Sports Director Matt White had told his riders that if anyone wanted to ride in the break today, they had free rein to head up the road. Fumiyuku Beppu eagerly took White up on the offer and spent 190 kilometers of the seventh stage of the Giro d’Italia as part of a four-rider escape group.
“We’re here to win stages,” said Sports Director Matt White. “Today, it was totally optional for the guys to go into a break. Beppu really wanted to go up the road today, and he went. He’s had really good legs, and he had a strong ride today.”
As soon as the flag dropped in Marche, Beppu joined Matteo Rabottini (Farnese Vini-Selle Italia), Mirko Selvaggi (Vacansoleil-DCM) and Reto Hollenstein (Team NetApp) up the road. The quartet built up a seven minute lead within the first ten kilometers. Their gap would eventually stretch to a maximum advantage of nine minutes ahead of the two categorized climbs in the second half of the stage.
Seven minutes ahead of the field at the mid-point of the stage, Beppu took the intermediate sprint atop the third category Colle Galluccio. The four riders collaborated well until the final 30 kilometers at which point their cohesion dissolved as the peloton began to close in on the break. Rabottini was the first to attack his breakaway companions, and the other three riders followed suit.
Rabottini hit the base of the Rocca di Cambio summit finish as the race’s lone leader. Beppu, Selvaggi and Hollenstein were absorbed by the peloton on the lower slopes of the mountain. Attacks came quickly from opportunists seeking stage wins as the overall contenders seemed content to sit back and eye one another. Behind, the tempo up the climb spit out the sprinters. Rabottini, too, was eventually overtaken by the field.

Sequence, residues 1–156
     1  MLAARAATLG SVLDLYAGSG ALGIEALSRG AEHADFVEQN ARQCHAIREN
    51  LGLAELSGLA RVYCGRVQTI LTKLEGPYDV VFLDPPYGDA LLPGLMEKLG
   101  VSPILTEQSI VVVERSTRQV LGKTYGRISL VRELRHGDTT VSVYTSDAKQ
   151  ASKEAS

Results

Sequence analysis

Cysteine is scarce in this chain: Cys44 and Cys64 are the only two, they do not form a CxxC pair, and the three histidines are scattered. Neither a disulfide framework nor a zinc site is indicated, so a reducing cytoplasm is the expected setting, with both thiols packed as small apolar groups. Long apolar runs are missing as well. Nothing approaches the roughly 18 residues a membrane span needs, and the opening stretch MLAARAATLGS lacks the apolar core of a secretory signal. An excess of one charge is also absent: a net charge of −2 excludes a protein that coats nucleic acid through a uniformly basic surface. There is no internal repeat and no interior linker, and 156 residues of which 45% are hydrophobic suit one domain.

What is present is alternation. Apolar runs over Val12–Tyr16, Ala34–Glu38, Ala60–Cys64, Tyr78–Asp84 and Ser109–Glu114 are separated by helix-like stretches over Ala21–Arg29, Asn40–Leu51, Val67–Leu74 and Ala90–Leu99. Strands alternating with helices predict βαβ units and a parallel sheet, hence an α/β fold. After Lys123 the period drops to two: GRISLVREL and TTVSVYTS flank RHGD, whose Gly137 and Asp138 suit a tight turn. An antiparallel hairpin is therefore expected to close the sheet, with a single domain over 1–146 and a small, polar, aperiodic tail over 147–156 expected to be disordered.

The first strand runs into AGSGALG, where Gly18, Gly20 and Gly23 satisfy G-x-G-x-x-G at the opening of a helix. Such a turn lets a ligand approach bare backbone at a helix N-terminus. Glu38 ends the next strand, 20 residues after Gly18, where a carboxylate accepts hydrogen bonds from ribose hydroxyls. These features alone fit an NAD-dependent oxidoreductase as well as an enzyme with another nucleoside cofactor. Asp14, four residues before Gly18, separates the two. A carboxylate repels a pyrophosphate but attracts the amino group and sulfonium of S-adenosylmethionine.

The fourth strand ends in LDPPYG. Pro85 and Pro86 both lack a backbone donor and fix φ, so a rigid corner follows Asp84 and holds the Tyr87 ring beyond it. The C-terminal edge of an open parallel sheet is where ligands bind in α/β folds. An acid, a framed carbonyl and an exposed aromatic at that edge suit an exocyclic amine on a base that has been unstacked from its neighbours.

“There was a little bit of a misunderstanding with Beppu on stage six,” noted White. “The Japanese tend to take things quite literally. I asked him to wait for [Matt] Goss yesterday on a climb and told him to bring him back to the bunch.”
“He’s such a loyal teammate,” White continued. “He didn’t tell me how good he was going. Instead, he just did as I asked – and he stayed by Gossy’s side for the next four hours, even after Gossy had been dropped. All I had asked him to do was bring Matt back the first time he was gapped. It’s a cultural thing, and something I need to be more of aware of in the future. I was happy to see Beppu have such a good ride today after he gave up his own chances yesterday.”
As the pace spiked, overnight race leader Adriano Malori (Lampre-ISD) faded on closing climb that saw the race favorites exchange their first blows on the upper slopes. Paolo Tiralongo (Astana) secured the stage win ahead Michele Scarponi (Lampre-ISD) and Frank Schleck (RadioShack-Nissan-Trek) while Ryder Hesjedal (Garmin-Barracuda) became the first Canadian to don pink.
“There are still a lot of fresh legs,” said White. “Today’s stage was important for a lot of teams who wanted to put their rider in the leader’s jersey. I’m not surprised that the break wasn’t able to stay away. Once we have bigger time gaps on the overall classification, it will be a better time for breaks. That being said, if someone wants to give it a go up the road tomorrow, they’re more than welcome.
Note: We saw several questions on Twitter wondering why Fumy no longer wears his national colors during road races. The Japanese National Road Championships were held last month, and Fumy was unable to contest the championships due to his race schedule. Unable to defend his title, Japan now has a new National Road Champion, and Fumy is back in the green, gold and blue of Orica-GreenEDGE.